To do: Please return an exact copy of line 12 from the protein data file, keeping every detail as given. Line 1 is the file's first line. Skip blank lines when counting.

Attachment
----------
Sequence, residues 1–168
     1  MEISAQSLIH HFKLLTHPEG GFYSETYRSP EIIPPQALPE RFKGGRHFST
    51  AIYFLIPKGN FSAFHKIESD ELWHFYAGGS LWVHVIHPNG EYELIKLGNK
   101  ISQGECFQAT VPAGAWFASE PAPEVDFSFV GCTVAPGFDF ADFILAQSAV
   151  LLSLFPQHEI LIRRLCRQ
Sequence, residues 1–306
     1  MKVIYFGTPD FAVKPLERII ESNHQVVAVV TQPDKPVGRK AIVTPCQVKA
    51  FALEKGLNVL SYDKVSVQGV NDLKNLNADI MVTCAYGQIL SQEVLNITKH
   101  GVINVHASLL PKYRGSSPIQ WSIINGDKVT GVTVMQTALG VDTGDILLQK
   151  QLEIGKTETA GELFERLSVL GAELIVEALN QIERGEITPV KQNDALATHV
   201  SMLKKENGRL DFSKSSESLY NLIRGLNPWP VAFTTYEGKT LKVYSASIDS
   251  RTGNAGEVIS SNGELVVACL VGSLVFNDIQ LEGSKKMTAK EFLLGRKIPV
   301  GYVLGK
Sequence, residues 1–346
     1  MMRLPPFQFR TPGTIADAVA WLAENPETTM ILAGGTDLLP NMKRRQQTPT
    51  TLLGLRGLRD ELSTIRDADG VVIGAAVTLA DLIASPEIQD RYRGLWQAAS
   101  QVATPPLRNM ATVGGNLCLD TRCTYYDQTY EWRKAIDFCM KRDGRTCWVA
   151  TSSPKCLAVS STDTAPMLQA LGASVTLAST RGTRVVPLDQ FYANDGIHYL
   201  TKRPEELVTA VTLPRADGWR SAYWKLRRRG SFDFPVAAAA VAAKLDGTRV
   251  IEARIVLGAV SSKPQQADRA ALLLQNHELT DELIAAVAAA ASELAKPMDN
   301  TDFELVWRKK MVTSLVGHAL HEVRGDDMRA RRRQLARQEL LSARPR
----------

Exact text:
   251  RTGNAGEVIS SNGELVVACL VGSLVFNDIQ LEGSKKMTAK EFLLGRKIPV